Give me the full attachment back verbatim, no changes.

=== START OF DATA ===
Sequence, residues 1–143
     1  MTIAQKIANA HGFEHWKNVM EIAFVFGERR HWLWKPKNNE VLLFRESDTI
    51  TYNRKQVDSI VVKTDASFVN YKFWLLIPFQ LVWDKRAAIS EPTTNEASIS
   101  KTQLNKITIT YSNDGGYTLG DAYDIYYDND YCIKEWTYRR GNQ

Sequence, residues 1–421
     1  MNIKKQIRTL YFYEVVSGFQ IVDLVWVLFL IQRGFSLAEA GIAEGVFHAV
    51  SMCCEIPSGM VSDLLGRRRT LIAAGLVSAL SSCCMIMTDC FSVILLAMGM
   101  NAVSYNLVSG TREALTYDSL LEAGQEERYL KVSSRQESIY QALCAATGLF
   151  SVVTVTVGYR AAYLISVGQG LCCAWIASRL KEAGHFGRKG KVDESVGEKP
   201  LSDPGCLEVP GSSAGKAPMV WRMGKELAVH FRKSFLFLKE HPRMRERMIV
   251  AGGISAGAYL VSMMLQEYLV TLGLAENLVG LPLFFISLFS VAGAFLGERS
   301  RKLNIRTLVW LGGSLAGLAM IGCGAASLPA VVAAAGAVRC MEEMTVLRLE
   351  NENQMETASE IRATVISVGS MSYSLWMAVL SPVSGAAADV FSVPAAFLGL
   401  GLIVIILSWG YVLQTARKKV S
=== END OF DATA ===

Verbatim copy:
Sequence, residues 1–143
     1  MTIAQKIANA HGFEHWKNVM EIAFVFGERR HWLWKPKNNE VLLFRESDTI
    51  TYNRKQVDSI VVKTDASFVN YKFWLLIPFQ LVWDKRAAIS EPTTNEASIS
   101  KTQLNKITIT YSNDGGYTLG DAYDIYYDND YCIKEWTYRR GNQ

Sequence, residues 1–421
     1  MNIKKQIRTL YFYEVVSGFQ IVDLVWVLFL IQRGFSLAEA GIAEGVFHAV
    51  SMCCEIPSGM VSDLLGRRRT LIAAGLVSAL SSCCMIMTDC FSVILLAMGM
   101  NAVSYNLVSG TREALTYDSL LEAGQEERYL KVSSRQESIY QALCAATGLF
   151  SVVTVTVGYR AAYLISVGQG LCCAWIASRL KEAGHFGRKG KVDESVGEKP
   201  LSDPGCLEVP GSSAGKAPMV WRMGKELAVH FRKSFLFLKE HPRMRERMIV
   251  AGGISAGAYL VSMMLQEYLV TLGLAENLVG LPLFFISLFS VAGAFLGERS
   301  RKLNIRTLVW LGGSLAGLAM IGCGAASLPA VVAAAGAVRC MEEMTVLRLE
   351  NENQMETASE IRATVISVGS MSYSLWMAVL SPVSGAAADV FSVPAAFLGL
   401  GLIVIILSWG YVLQTARKKV S